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Winnipeg's top 5 stories of 2019

Last Updated Dec 17, 2019 at 3:01 pm CDT

FILE PHOTO: Landscape featuring the skyline from Winnipeg, Manitoba. (CREDIT: iStock)

WINNIPEG – As the year comes to a close and we review all 2019 had to offer, we’re taking a look at which stories resonated most with our viewers and readers.

We took a look at analytics over the last year and compiled a list of the stories that were most popular.

Here’s a list of CityNews Winnipeg’s most-read stories of 2019!

1. Jane Philpott tells Maclean’s: ‘There’s much more to the story’

Jane Philpott listens to a questions during a news conference in Ottawa on Jan. 23, 2018. THE CANADIAN PRESS/Adrian Wyld

Jane Philpott resigned from cabinet on Mar. 4 following the SNC-Lavalin fallout.

The then-Liberal-MP for the Ontario riding of Markham-Stouffville was one of two women whose government roles changed dramatically as a result of the scandal–Jody Wilson-Raybould was removed from caucus with Phillpot and lost her coveted justice portfolio when Prime Minister Justin Trudeau shuffled cabinet.

READ MORE:
Trudeau accepts ethics commissioner’s findings in SNC-Lavalin affair, disputes some claims
Trudeau broke law by kicking former ministers out of caucus, Philpott says
Trudeau should apologize for violation of ethics code: Philpott

Philpott sat down with Maclean’s for her first interview following her resignation later in March, and told the magazine she believed that “there’s much more to the story that needs to be told” but that it couldn’t come out because “there’s been an attempt to shut down the story” — an attempt she attributed to Trudeau and his close advisors.

“I believe we actually owe it to Canadians as politicians to ensure that they have the truth. They need to have confidence in the very basic constitutional principle of the independence of the justice system,” she said.

2. Highly contagious virus found in Manitoba

 

Hundreds of Manitobans were possibly exposed to the measles from an international traveler over the summer.

In June, an infected Winnipeg man in his 30s arrived home after a trip to the Philippines, exposing people to the virus along the trail of places he visited upon returning home.

A study was released this past November that indicated infants are more at risk of getting measles than previously thought.

The findings debunked notions that babies are protected for much of their first year by maternal antibodies passed on through pregnancy.

RELATED:
Global measles cases tripled this year: WHO
False vaccine claims spread online by bots, trolls: top public-health doc
‘Completely preventable’: doctor examines how to get anti-vaxxers on board amid measles outbreak

In fact, Toronto researchers said the protection from their mother’s antibodies was gone for most babies by three months of age.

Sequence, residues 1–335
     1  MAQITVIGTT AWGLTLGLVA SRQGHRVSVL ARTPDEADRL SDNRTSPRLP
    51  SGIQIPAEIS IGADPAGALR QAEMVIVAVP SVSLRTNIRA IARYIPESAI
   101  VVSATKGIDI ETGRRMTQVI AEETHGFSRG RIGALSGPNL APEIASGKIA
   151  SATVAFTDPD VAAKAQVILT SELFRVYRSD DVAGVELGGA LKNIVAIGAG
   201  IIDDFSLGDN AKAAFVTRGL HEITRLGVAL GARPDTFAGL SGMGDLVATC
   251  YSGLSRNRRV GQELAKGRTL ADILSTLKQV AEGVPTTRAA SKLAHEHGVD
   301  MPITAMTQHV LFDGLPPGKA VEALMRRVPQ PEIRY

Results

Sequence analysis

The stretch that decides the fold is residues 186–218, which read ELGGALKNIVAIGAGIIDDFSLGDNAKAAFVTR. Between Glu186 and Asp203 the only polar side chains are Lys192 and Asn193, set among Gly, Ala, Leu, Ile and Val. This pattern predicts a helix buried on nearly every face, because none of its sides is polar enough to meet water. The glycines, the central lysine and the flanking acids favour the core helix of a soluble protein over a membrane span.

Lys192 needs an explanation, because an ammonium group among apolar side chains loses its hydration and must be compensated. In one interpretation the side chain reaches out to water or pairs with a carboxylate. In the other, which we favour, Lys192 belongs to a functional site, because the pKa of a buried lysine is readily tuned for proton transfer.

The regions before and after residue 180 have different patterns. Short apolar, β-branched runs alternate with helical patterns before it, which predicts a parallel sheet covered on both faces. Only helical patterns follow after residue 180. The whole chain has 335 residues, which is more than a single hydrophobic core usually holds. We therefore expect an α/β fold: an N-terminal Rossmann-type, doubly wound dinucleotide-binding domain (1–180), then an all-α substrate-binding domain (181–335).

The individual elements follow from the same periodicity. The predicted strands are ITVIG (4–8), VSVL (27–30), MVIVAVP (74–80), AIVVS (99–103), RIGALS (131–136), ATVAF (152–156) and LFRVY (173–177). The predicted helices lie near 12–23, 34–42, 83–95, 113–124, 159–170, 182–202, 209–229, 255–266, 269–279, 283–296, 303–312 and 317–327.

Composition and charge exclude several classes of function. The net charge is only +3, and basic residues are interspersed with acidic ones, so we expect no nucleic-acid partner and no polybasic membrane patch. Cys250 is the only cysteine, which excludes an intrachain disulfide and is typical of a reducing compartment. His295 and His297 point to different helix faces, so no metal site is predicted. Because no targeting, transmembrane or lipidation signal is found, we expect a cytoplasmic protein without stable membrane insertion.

Babies typically don’t receive the measles vaccine until they are 12 months old. Children under five are some of the most at-risk people for contracting the disease.

3. Buffy Sainte-Marie gets songwriters Hall of Fame honour

 

Buffy Saint-Marie was recognized for her songwriting skills this year–being inducted into the Canadian Songwriters Hall of Fame at the SOCAN Awards in Toronto on April 1.

“I’m honoured to be recognized in the company of so many Canadian songwriters that have inspired me,” Sainte-Marie said in a statement.

“As a songwriter, I never set out to be courageous or political, I just wanted to tell my stories as authentically as possible, and bring light to the truth.”

Sainte-Marie’s 1964 peace anthem “Universal Soldier” was inducted to the same hall of fame in 2005.

4. Indigenous model becomes face of Nordstrom ad

 

Indigenous model Michaella Shannon’s face graced a massive billboard in downtown Toronto. She shared her story about overcoming adversity in a small town to seeing her face on a major billboard.

“I grew up in a small town so I did experience a lot of racism, a lot of bullying,” shared Shannon, who is from Saskatchewan.

“There were times that I was afraid to go to school because people would threaten to beat me up, use racial slurs, call me names. It was all degrading.”

She said for a long time she was embarrassed to be Indigenous, and she didn’t heal from those feelings until she turned to her culture.

In an interview with Breakfast Television, she praised Nordstrom for making history by hiring two Indigenous women for the ads.

“For myself, as an Indigenous woman, I didn’t have anyone in the mainstream media to look up to. So, it’s a first for many young Indigenous women to see and know that they can aspire to be part of the mainstream and chase their dreams and goals,” she said.

She said next on her to-do list, is working her way to being a TV host.

5. Does Scheer have ties to Trump?

 

Questions were raised this fall after Conservative Leader Andrew Scheer struggled to answer whether or not a Republican that worked on Donald Trump’s campaign was working on his campaign ahead of the federal election.

When asked point-blank at a media conference, Scheer tried to turn the tables by saying the campaign had lots of volunteers. His team eventually confirmed from the Trump campaign was working on Scheer’s campaign.

Scheer used the opportunity to take a shot at his opponent Trudeau, saying it was the Liberal leader who was playing by the U.S. political playbook.

RELATED: Scheer is resigning–here’s what happens next

Scheer would later resign as Tory leader months after losing the Oct. 21 election.

-with files from the Canadian Press